Close modal

The experiment is conducted in three steps. First, the aperture is positioned at the focal point of the beam and the center of the raster scan is determined, where the maximum signal is recorded at the detector. Second, the fiber is positioned on the aperture and the raster scan is taken at 10 μm distance from the fiber (310 μm from the brass plate). Third, the fiber is removed and a reference raster scan is taken from the aperture only at 310 μm distance from the brass plate. All three steps are repeated for two orientation of the fiber [Fig. 3(a)], i.e., fiber parallel to the excitation (fiber along x) and fiber perpendicular to the excitation (fiber along y).

Figure 3(b) shows the measured normalized power integrated over the square area of the raster scan (850 × 850 μm2) for aperture only (black solid line), and when the fiber is oriented along the x-axis (red solid line) and along the y-axis (green solid line). The curves are normalized to the maximum integrated power through the aperture. Figure 3(b) also shows the simulated normalized power integrated on the same area (dotted lines), where similarly the curves are normalized to the maximum integrated power through the aperture. As expected for a bare aperture, the power gradually increases and reaches its maximum when the diameter is equal to half of the operating wavelength (a = λ/2), i.e., f = c/(2a) = 0.5 THz. With the fiber, the transmitted signal is enhanced for frequencies below 0.36 THz for both orientations. As discussed in our previous studies,2,10 the enhancement in transmission is due to excitation of Mie resonances in the fiber cross section, which is also the position of the first transverse electric (TE) and magnetic (TM) whispering gallery modes (WGMs) formed at the cross section of the fiber.

The vertical arrows in Fig. 3(b) indicate the points where the signal level falls within the noise level of the system for each measurement and thus experimental results beyond the arrows cannot be trusted. The shift towards lower frequencies of the arrows is consistent with the enhancement of the transmission through the fibers. The experimental and simulation results do not match well above 0.4 THz, the region which is off interest to this work. We attribute this discrepancy between the simulation and experiment to the fact that at higher frequencies the beam width (FWHM = 500 μm at 0.4 THz) becomes comparable to the aperture size and therefore the field uniformity assumption in the aperture is not valid anymore.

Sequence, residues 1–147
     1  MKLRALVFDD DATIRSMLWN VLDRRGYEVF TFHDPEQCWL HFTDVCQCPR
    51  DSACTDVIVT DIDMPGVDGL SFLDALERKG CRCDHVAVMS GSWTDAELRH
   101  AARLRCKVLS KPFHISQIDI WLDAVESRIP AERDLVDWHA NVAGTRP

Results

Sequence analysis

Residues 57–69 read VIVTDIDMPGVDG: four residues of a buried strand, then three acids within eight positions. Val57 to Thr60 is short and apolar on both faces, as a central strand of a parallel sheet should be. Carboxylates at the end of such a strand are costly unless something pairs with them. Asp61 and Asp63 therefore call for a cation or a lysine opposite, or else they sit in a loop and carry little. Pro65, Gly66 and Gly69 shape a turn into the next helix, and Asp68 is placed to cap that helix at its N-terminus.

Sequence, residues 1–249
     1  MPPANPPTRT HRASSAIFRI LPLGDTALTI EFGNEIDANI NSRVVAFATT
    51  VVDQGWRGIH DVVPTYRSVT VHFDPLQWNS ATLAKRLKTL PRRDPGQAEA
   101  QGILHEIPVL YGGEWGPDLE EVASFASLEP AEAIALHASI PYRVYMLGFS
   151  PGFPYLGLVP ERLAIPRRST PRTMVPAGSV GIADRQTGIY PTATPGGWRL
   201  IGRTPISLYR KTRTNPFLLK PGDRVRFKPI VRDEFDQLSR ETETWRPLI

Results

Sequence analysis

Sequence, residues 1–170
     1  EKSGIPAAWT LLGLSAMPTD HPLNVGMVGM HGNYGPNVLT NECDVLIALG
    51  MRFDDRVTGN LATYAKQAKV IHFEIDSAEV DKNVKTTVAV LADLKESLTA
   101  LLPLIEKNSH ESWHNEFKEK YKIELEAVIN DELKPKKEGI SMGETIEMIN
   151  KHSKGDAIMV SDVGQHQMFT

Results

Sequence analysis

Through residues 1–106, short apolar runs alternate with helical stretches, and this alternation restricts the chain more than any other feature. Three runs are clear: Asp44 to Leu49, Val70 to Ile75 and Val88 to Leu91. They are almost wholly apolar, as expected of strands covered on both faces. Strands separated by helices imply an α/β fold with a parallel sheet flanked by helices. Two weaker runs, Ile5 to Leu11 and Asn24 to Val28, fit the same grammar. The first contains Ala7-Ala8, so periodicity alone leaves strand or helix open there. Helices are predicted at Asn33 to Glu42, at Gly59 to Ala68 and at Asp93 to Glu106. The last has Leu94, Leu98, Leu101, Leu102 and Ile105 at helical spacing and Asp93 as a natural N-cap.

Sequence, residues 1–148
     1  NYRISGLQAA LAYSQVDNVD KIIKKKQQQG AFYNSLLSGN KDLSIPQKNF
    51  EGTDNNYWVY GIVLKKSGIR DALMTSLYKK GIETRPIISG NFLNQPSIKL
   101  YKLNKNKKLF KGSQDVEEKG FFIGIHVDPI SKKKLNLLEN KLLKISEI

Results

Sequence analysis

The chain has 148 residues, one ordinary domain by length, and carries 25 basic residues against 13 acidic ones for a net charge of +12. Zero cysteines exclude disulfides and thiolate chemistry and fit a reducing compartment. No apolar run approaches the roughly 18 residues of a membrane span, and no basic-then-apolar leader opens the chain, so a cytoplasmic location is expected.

Figure 3(c) shows the measured (first column) and numerically calculated (second column) normalized electric field intensity at 0.3 THz for aperture only (first row), microfiber along x (second row), and microfiber along y (third row). The enhancement of the transmitted signal through the aperture-microfiber system can also be visually observed in Fig. 3(c). Moreover, there is a focusing effect perpendicular to the direction of the microfiber due to the focusing effect in the near field.44 See the supplementary material for the time evolution of THz radiation. Figure 3(d) shows the normalized integrated power for both orientations of microfibers, where curves are normalized to aperture only [black curves in Fig. 3(b)]. We have extrapolated the normalized power of the bare aperture (using the simulation results) for the frequencies in the noise level of the system so that we can calculate the enhancement ratio up to the aperture-fiber system noise level for each case. A relatively good agreement between measured (solid lines) and numerical (dashed lines) results is observed. Two peaks at 0.15 and 0.32 THz correspond to the microfiber along x. At the position of the first peak (at 0.15 THz), more than 12 times enhancement is achieved experimentally, while the numerical simulation predicts more than 20 times enhancement. The enhancement (7 times) and position (at 0.32 THz) of the second peak are in good agreement with the numerical results. When the fiber is along y, there exists a peak at 0.244 THz where the signal is enhanced 5 times, while the numerical simulation predicts 7 times enhancement at 0.23 THz. Note that the near-field probe measures the x-component of the electric field; therefore all the simulation results presented so far are also considering the x-component of the electric field only.